Chiropractic Adjustment: Chiropractic adjustment is a procedure in which trained specialists (chiropractors) use their hands or a small instrument to apply a controlled, sudden force to a spinal joint. The goal of chiropractic adjustment, also known as spinal manipulation, is to correct structural alignment and improve your body's physical function.
A.R.T. (Active Release Technique): This is a patented, state of the art soft tissue system/movement based massage technique created by Dr. Michael Leahy, D.C., CCSP, that treats problems with muscles, tendons, ligaments, fascia and nerves. Headaches, back pain, carpal tunnel syndrome, shin splints, shoulder pain, sciatica, plantar fasciitis, knee problems, and tennis elbow are just a few of the many conditions that can be resolved quickly and permanently with ART. These conditions all have one important thing in common: they are often a result of overused muscles.
Eustachian Tube Drainage (Endonasal Technique): This is a technique used to relieve congestion in the tube behind the eardrum by draining fluid away from the ear. This practice will help your tinnitus (persistent ringing in your ears) if it’s due to congestion of the ear, nose or throat. It is also a good technique to expedite curing a simple ear infection, or unblocking your ears after diving or flying. The process is fairly simple, and although most people gag, it is relatively painless. With your mouth open wide your chiropractor reaches a finger back past your molars and the hinge of your jaw. Beyond the jaw hinge, towards the back of the throat there is a stringy vertical tendon called the “tonsillar pillar”. Just behind the tonsillar pillar is the Eustachian tube. Your chiropractor then gently straightens the Eustachian tube by rubbing one finger down from the ear side of the back of the throat towards the middle. Your doctor can repeat this as needed.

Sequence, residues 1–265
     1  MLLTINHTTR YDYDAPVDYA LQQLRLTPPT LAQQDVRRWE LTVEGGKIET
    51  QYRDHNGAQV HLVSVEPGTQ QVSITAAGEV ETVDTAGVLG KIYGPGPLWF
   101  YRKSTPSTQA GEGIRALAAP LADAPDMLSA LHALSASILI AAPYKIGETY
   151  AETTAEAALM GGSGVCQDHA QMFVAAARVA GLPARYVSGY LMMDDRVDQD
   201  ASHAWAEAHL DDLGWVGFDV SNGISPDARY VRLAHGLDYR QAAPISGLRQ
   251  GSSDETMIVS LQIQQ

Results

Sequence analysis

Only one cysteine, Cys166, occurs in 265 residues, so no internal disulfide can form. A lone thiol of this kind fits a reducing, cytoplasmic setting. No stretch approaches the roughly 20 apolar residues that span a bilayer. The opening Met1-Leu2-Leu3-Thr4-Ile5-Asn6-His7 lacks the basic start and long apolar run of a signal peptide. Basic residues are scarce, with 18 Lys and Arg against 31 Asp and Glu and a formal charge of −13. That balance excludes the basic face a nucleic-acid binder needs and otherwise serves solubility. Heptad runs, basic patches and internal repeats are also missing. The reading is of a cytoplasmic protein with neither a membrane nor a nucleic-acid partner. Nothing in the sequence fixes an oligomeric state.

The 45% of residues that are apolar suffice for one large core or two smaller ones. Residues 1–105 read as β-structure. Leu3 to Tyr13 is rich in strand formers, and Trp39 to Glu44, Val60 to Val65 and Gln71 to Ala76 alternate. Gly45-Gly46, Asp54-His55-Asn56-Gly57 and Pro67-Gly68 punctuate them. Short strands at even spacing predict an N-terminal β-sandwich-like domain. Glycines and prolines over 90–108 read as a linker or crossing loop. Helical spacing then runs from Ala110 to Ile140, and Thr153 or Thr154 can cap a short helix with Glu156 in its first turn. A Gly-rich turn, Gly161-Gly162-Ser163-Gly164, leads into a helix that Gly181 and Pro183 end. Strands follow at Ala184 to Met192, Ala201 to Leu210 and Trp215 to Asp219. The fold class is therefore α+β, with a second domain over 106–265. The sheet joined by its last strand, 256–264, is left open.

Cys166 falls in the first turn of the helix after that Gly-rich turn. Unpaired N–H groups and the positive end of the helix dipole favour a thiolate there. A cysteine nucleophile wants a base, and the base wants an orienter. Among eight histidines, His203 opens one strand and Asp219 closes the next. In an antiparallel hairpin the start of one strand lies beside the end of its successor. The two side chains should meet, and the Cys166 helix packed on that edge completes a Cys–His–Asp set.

Nasal Specific/Bilateral Nasal Specific (BNS): This treatment uses finger cots, affixed/tied to a blood pressure bulb (a sphygmomanometer) to deliver an even and effective controlled force of pressure to help open the sinuses to promote drainage. The finger cot portion of this device is lubricated. The patient breaths out through their nose and the finger cot is inserted into one of the six nasal passages, being three on each side. These nasal passages are stair stacked on top of each other. The finger cot/balloon is first inserted into the lower nasal passageways, one on each side of the nose. This is done to keep facial, pressure, and symmetrical balance and optimize the benefits of this technique. It is then repeated in the middle passageway’s, then the top passageway. Then this process is repeated in the lower nasal passageway to help complete the full effect of nasal enhancement. Finally, the lower nasal passageways are repeated to completely stimulate and give the full enhancement effect.
When the finger cot/balloon is slid into the nasal passageway the patient is asked to breath out through their nose, this allows access and proper placement of the balloon into the passageway. The balloon is gently tucked in around the outer edges of the nostril with a flat tooth pick to ensure that no outward bulging of the balloon occurs when it is inflated. The nose is lightly compressed around the valve of the pressure bulb, so that no air can escape. The patient then takes a deep breath in and holds it. By taking the breath in it expands the joints/membranes of the cranial plates. While the patient is holding their breath the practitioner quickly and gently inflates the finger cot/balloon with two to four quick hand pumps/squeezes of the pressure bulb. Squeezing the pressure bulb applies air into the finger cot/balloon. As this air pressure becomes greater it pushes on the walls of the nasal passageways, eventually it squeezes its way through to the back of the throat. The practitioner then quickly releases this pressure via the stem on the valve of the pressure bulb. This process takes one to three seconds.